37. The method of claim 33, Wherein the etching step is substantially anisotropic.
38. A method of forming metal interconnect, comprising:
patterning an insulating layer to form a first insulating feature having a first sidewall and a second insulating feature having a second sidewall, wherein the first sidewall is disposed over first, second, and third conductive features, and the second sidewall is disposed over fourth, fifth, and sixth conductive features;
depositing a metal layer over the first and second insulating features;
etching the metal layer to form a first metal line electrically coupling the first, second, and third conductive features, and to form a second metal line electrically coupling the fourth, fifth, and sixth conductive features.
39. The method of claim 38, wherein the etching step is substantially anisotropic.
40. A method of forming interconnect comprising:
depositing a metal layer over an insulative layer having a sidewall;
forming a protective coating over a portion of the metal layer; and
etching the metal layer to form a first metal line adjacent to the sidewall of the insulative layer, and to form a second metal line underneath the protective coating.
41. The method of claim 40, wherein the second metal line has a higher current capacity than the first metal line.
42. The method of claim 41, wherein the second metal line is a bus line.
43. The method of claim 40, wherein the protective coating comprises photoresist.
44. The method of claim 40, wherein the etching step is substantially anisotropic.
Description
BACKGROUND OF THE INVENTION

1. Field of the Invention

The present invention generally relates to the field of semiconductor fabrication. More particularly, the present invention relates to a method and apparatus for forming edge metal to interconnect features in a semiconductor device.

2. Art Background

Lithography processes are typically used for semiconductor fabrication. A typical lithography process for forming two metal lines is illustrated in FIGS. 1a-1d. FIG. 1a shows a metal layer 12 deposited over a substrate 10. As illustrated in FIG. 1b, a positive photoresist 14 is then deposited over metal layer 12 and is exposed to radiation 18 through mask 16. Mask 16 has opaque features 22 and clear features 20.

Radiation 18 serves to render soluble in a suitable developer that portion of photoresist 14 exposed to radiation 18 through clear features 20. That portion of photoresist 14 that has not been exposed to radiation remains relatively insoluble in the developer. Photoresist layer 14 may then be developed in a suitable developer to form features 24 as illustrated in FIG. 1c. Metal layer 12 may then be subjected to a suitable metal etch that removes portions of metal layer 12 not covered by features 24. Features 24 may then be suitably removed leaving metal lines 26 and 28 as illustrated in FIG. 1d.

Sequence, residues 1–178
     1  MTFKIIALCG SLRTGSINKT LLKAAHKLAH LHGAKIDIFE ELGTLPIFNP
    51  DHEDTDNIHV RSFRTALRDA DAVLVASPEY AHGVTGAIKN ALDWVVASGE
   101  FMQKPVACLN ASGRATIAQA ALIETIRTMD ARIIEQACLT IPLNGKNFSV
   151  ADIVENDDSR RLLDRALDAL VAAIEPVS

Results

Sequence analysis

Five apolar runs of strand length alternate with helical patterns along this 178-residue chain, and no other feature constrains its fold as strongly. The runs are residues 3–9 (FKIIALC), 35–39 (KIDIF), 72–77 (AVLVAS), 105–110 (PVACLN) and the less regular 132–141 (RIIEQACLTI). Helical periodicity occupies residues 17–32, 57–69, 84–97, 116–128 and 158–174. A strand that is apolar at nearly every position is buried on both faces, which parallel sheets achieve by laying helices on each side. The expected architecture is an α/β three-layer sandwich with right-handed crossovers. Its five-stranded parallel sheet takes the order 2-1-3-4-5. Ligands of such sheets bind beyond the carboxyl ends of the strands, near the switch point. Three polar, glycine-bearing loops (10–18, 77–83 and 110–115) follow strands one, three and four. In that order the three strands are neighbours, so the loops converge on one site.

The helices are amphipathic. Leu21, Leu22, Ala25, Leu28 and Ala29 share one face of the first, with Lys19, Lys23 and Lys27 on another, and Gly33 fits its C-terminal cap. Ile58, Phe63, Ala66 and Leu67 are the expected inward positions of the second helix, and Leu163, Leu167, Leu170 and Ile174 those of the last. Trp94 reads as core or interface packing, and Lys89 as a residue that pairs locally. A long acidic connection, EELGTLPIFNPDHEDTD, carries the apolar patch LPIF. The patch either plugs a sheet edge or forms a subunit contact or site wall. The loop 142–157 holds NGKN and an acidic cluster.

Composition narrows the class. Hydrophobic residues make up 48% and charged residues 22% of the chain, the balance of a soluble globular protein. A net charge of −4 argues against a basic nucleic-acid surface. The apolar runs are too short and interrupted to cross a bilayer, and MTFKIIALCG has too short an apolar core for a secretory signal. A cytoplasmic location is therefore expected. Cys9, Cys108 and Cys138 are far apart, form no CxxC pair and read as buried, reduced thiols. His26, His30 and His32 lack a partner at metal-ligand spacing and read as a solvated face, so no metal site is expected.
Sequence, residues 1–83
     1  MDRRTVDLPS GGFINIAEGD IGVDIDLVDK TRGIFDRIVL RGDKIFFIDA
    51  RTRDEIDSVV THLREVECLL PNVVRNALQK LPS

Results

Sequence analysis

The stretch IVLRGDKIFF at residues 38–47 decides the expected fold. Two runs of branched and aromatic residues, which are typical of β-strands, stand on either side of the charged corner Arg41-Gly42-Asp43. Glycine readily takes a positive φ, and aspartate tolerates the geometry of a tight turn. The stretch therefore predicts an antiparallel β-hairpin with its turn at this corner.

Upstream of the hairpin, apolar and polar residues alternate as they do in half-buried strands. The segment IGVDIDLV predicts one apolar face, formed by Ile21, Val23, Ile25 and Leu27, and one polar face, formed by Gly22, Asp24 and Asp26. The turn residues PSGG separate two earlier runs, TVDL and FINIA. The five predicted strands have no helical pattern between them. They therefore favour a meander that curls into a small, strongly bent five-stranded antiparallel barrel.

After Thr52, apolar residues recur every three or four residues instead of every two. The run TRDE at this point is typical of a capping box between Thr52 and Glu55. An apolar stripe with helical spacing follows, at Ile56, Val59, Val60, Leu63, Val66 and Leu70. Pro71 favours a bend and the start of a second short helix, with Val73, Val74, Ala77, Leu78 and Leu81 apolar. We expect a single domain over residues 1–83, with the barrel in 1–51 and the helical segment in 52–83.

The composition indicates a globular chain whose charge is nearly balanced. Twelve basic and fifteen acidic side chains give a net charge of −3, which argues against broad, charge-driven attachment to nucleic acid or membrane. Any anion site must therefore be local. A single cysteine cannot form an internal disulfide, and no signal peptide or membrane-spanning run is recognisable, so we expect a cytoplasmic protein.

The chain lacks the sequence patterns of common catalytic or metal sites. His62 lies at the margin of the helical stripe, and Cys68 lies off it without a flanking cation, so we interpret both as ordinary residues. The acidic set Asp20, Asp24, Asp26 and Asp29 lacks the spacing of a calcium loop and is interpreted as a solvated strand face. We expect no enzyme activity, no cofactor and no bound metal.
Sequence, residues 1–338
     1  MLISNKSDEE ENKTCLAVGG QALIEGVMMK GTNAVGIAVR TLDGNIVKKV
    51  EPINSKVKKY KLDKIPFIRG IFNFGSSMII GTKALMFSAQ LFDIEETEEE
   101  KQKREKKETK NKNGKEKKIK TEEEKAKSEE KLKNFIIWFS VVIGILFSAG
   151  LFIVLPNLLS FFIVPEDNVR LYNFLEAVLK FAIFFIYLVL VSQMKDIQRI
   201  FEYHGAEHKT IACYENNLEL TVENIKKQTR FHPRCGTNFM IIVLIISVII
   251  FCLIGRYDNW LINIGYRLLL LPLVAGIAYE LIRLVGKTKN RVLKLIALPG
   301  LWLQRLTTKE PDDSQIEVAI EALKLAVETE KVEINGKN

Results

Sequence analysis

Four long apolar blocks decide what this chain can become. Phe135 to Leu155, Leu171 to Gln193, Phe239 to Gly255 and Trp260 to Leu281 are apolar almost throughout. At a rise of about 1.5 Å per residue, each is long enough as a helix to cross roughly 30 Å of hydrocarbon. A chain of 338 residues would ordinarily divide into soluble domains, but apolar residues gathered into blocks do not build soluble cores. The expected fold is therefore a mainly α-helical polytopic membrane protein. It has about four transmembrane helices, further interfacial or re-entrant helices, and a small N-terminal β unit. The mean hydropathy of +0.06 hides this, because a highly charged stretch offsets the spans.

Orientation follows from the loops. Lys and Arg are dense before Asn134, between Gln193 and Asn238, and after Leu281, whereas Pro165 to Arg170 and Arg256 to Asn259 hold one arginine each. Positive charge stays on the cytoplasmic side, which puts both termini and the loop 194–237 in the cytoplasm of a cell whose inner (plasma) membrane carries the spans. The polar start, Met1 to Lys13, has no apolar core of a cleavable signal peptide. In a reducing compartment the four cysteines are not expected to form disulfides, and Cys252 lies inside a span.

FIG. 2 shows a top view of metal lines 26 and 28. As illustrated in FIG. 2, metal line 26 interconnects two contacts 30 and 31 that may be formed in substrate 10 of FIG. 1a. Contacts 30 and 31 may also be referred to as "nails" or "plugs." Similarly, metal line 28 interconnects two contacts 32 and 33 that may be formed in substrate 10 of FIG. 1a.

The typical lithography process illustrated in FIGS. 1a-1d limits the size and density with which semiconductor devices may be fabricated. For example, the minimum resolution capability of the lithography process determines the minimum pitch 27 for metal lines 26 and 28. The pitch may be twice the width of one of the metal lines. For example, if a metal line is 0.5 μm wide, then the pitch is 1.0 μm. As illustrated in FIG. 2, the spacing between contacts 30 and 32, and between contacts 31 and 33, is also limited by the pitch of metal lines 26 and 28.

The pitch may depend on the lens used in exposing the photoresist to radiation through mask 16. The pitch may also depend on the equipment used to form metal lines 26 and 28. Typically, a machine (e.g., a stepper) that is capable of producing a pitch 27 for metal lines 26 and 28 of approximately 1.1 μm (micrometers or microns), costs approximately three times as much as a machine capable of producing a pitch of approximately 1.8 μm, and approximately 30 times as much as a machine capable of producing a pitch of approximately 2.2 μm. Therefore, the cost of purchasing equipment to manufacture metal lines having a small pitch can be extremely expensive. Therefore, what is needed is a method of forming metal lines having a reduced pitch using existing or older machines without the need to purchase more expensive newer equipment. Also what is needed is the ability to form smaller pitches than what is possible using existing fabrication equipment and the conventional lithography process illustrated in FIGS. 1a-1d. Additionally, what is needed is the ability to form smaller metal lines having smaller pitches to that the density of metal lines formed on a semiconductor substrate is increased relative to conventional lithography processes.